Tennessee asserts that Lichtenberger's letter of resignation is the only evidence that his termination date was to be November 28, 1970, and that Superior did not formally accept this termination date. In view of the above-quoted section of Superior's holiday plan, and of Superior's payment of Lichtenberger for the two-day holiday preceding November 28, we conclude that Superior did not consider Lichtenberger terminated until at least November 28, 1970. If Lichtenberger's employment had actually terminated on November 25, Superior would not have compensated him for the November 26 and 27 holidays.

Tennessee contends that under the policy language of "ceases active work," Lichtenberger's employment terminated on his last day of actual work at Superior, i.e., November 25. However, this construction of the policy language considers the "ceases active work" clause in isolation. Provisions of an insurance policy must be read together and the policy must be construed as an integrated whole. (Kolodziej v. Metropolitan Life Insurance Co., 307 Ill. App. 657, 30 N.E.2d 916.) Reading the policy as a whole, we believe that Lichtenberger was insured under the supplemental accidental death and dismemberment policy.

"A group insurance policy, in general, must be given a reasonable construction so as to effectuate the purpose for which it was made, and, like other insurance contracts, its language, if ambiguous or uncertain, is to be construed in favor of the insured. Whether or not there is ambiguity in a provision limiting coverage to `active' employees or to persons `working actively in the conduct of the business,' or in similar provisions containing the words `active' or `actively,' depends upon the specific wording of the clause being construed, the wording of any explanatory or qualifying clause, and the circumstances of the allegedly insured individual's employment with the group policyholder." (Annot., 58 A.L.R. 3d 993, 996-97. (1974).)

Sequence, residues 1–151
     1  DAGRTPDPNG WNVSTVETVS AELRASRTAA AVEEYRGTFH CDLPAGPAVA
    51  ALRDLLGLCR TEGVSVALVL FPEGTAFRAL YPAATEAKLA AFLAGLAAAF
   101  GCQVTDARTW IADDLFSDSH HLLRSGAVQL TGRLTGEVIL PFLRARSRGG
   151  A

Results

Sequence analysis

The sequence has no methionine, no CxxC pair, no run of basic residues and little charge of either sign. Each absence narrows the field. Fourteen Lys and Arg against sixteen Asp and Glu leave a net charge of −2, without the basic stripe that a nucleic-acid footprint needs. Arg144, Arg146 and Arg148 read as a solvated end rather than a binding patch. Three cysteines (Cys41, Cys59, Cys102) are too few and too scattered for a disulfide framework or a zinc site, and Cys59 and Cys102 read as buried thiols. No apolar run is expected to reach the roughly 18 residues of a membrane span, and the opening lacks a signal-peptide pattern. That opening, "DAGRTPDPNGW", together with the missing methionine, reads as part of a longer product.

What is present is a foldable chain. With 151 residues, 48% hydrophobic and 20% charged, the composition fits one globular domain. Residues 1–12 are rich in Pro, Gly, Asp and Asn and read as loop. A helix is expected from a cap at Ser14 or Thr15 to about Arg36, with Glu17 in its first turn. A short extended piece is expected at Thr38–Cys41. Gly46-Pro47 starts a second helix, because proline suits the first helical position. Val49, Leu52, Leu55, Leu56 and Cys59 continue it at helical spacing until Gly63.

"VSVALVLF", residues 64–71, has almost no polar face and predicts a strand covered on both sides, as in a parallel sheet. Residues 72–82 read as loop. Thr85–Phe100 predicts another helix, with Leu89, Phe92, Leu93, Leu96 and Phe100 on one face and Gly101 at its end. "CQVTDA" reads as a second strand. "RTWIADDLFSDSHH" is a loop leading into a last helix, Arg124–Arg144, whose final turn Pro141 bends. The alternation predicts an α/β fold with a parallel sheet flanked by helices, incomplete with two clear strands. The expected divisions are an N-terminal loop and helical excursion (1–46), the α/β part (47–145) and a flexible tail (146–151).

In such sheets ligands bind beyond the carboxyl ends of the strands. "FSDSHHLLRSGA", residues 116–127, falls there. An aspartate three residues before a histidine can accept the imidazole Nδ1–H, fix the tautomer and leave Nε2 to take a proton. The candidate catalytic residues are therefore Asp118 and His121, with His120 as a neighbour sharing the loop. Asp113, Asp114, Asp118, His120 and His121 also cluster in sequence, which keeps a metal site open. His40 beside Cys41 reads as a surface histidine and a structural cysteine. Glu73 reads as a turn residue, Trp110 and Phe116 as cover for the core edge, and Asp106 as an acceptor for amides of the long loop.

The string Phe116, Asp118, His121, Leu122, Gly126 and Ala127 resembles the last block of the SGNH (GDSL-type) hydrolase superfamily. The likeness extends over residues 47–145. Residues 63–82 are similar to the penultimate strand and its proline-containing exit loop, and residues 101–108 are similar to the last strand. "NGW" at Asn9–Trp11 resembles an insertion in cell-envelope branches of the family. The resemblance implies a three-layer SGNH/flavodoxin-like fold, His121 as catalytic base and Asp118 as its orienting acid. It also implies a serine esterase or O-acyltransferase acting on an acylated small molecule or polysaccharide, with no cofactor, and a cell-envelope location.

The policy's only attempt to define the phrase "active work" limits the definition to "not absent from full time work from illness or personal injury." The "ceases active work" clause in the policy is modified by the clause defining active work. It is clear from the record that Lichtenberger was not absent from full time work because of illness or personal injury. Including the holiday hours for which he was paid by Superior, Lichtenberger had completed a 40-hour work week in his usual Monday through Saturday period. Neither Superior nor Tennessee claimed that Lichtenberger could not have been assigned duties on November 28, 1970, but only that he was not.

Perhaps more significant, Lichtenberger had no reason to believe that his status as an active employee with Superior would change in any way prior to November 28. Lichtenberger's letter of resignation dated November 12, 1970, expressed his clear intention to resign effective November 28. Superior admits that Lichtenberger's supervisor did not notify Lichtenberger that his proposed termination date was not agreeable. There is no dispute that Lichtenberger's employment with Superior was to terminate as a result of his voluntary act of advising his employer that he intended to terminate his employment on a date certain. There is also no dispute that the date he chose to end his employment status was November 28, 1970. When these factors are considered in conjunction with Superior's apparent acceptance of this date, with its payment to Lichtenberger for the full five-day week, and with its full payroll deductions for group life insurance and accidental death and dismemberment insurance, we believe that Lichtenberger's employment had not terminated before November 28, 1970.

Plaintiff concedes that the summary judgment in favor of Superior Oil Company should stand. Both plaintiff and Tennessee filed motions for summary judgment in the trial court and both agree that the facts in this case are undisputed.

For the foregoing reasons the judgment in favor of Superior is affirmed. The judgment in favor of Tennessee is reversed and this case is remanded to the trial court with directions to enter judgment in favor of plaintiff and against Tennessee.

Affirmed in part; reversed in part; remanded with directions.

KARNS and KASSERMAN, JJ., concur.

19790713

© 2002 VersusLaw Inc.